Subcellular localization of MCM2 correlates with the prognosis of ovarian clear cell carcinoma
Metrics: PDF 1442 views | HTML 2072 views | ?
Gulinisha Aihemaiti1, Morito Kurata1, Daichi Nogawa1, Akiko Yamamoto1, Tatsunori Mineo1, Iichiroh Onishi1, Yuko Kinowaki1, Xiao-Hai Jin1, Anna Tatsuzawa2,3, Naoyuki Miyasaka3, Masanobu Kitagawa1 and Kouhei Yamamoto1
1Department of Comprehensive Pathology, Graduate School of Medical and Dental Sciences, Tokyo Medical and Dental University, Tokyo 113–8510, Japan
2Department of Analytical Information of Clinical Laboratory Medicine, Graduate School of Health Care Science, Bunkyo Gakuin University, Tokyo 113–8668, Japan
3Department of Obstetrics and Gynecology, Graduate School of Medical and Dental Sciences, Tokyo Medical and Dental University, Tokyo 113–8510, Japan
Kouhei Yamamoto, email: [email protected]
Keywords: ovarian cancer; pathology; clinicopathologic study; MCM2; cancer therapy target
Received: February 16, 2018 Accepted: May 27, 2018 Published: June 15, 2018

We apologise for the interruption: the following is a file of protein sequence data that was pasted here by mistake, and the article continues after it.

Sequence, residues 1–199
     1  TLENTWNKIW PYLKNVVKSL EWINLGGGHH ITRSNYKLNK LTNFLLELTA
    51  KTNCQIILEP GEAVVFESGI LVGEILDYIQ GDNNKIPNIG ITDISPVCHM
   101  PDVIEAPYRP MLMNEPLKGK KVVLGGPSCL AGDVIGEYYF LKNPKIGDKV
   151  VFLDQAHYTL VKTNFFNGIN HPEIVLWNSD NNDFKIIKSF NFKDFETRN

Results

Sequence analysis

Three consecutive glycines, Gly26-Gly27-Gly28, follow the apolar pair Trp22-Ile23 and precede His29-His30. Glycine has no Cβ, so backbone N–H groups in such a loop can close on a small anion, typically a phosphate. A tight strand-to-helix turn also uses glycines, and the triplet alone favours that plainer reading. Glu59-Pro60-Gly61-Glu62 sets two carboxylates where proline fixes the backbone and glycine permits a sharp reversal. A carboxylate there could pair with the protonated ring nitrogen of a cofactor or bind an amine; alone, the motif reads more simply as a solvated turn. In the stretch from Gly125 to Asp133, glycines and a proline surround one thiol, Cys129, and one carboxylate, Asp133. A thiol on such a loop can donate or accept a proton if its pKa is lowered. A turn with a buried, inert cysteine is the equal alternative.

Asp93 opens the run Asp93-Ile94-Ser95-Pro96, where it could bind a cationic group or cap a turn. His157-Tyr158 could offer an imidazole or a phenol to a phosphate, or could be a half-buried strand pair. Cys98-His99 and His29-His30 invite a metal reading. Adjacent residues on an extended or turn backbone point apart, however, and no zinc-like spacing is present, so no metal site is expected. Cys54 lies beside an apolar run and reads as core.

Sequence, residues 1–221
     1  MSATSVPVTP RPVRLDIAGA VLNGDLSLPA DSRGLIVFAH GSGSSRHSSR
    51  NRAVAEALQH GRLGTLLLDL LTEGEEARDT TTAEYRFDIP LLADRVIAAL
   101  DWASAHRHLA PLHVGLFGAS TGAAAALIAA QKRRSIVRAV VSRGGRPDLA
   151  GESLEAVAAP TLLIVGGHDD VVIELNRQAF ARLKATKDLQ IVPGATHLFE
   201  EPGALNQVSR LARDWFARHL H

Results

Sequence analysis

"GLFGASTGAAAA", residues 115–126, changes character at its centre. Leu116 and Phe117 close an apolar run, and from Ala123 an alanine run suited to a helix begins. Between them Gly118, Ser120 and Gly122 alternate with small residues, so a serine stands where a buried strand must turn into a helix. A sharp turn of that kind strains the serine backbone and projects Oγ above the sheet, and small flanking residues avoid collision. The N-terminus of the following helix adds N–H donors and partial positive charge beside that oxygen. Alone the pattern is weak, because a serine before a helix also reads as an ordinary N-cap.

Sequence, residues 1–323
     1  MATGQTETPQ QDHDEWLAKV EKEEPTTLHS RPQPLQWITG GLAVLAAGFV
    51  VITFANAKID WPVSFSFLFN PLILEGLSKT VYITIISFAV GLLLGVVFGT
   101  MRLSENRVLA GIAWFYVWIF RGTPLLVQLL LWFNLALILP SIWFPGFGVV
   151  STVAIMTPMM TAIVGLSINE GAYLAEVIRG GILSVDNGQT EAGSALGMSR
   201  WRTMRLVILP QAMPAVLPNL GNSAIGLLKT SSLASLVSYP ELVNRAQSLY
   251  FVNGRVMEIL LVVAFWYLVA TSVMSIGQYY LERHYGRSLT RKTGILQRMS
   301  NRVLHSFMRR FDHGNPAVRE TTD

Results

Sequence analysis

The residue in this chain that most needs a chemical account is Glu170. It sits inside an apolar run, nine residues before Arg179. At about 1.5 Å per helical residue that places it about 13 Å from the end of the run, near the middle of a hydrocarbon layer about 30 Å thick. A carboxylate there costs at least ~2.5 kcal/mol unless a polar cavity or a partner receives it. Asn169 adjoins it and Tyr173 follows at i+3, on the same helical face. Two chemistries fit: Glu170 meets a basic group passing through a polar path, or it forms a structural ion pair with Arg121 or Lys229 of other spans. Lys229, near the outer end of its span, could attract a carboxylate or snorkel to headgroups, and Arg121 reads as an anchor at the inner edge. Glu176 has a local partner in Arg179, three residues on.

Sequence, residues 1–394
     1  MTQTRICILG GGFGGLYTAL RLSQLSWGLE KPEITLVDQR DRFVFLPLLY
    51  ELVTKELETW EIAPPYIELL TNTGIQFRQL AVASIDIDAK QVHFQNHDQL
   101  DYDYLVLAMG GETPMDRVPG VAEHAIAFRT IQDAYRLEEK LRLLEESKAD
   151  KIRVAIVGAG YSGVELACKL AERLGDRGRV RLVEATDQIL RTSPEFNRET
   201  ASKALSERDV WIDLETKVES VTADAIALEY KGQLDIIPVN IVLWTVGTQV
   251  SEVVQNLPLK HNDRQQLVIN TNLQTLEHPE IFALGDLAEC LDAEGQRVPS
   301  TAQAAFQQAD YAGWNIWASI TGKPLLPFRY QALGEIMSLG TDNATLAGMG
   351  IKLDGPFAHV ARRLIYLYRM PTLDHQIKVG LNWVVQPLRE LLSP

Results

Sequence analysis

Highly malignant tumors overexpress the minichromosome maintenance 2 (MCM2) protein in the nucleus, which is associated with advanced tumor grade, advanced stage, and poor prognosis. In this study, we showed that MCM2 is highly expressed in clinical samples of ovarian clear cell carcinoma. Although MCM2 expression was mainly localized to the nuclei as in other cancers, a few cases exhibited cytoplasmic localization of MCM2. Surprisingly, tumor samples with cytoplasmic MCM2 demonstrated excellent prognosis, showing 100% survival during the observation period of more than 200 months. However, cases with nuclear expression of MCM2 exhibited approximately 78% 5-year-survival rate. In a previous study, we showed that Friend leukemia virus (FLV) envelope protein gp70 bound to MCM2, impaired its nuclear translocation, and enhanced DNA damage-induced apoptosis in FLV-infected hematopoietic cells with high levels of MCM2. As expected, clear cell carcinoma cells with cytoplasmic expression of MCM2 exhibited significantly higher apoptotic cell ratio than that of cells with nuclear MCM2 expression. In vitro experiments using ovarian cancer cells with cytoplasmic expression of MCM2 demonstrated that transfection of MCM2-ΔN enhanced DNA damage-induced apoptosis. Therefore, cytoplasmic localization of MCM2 significantly correlated with increased apoptosis in clear cell carcinoma cells, resulting in improved prognosis.
All site content, except where otherwise noted, is licensed under a Creative Commons Attribution 3.0 License.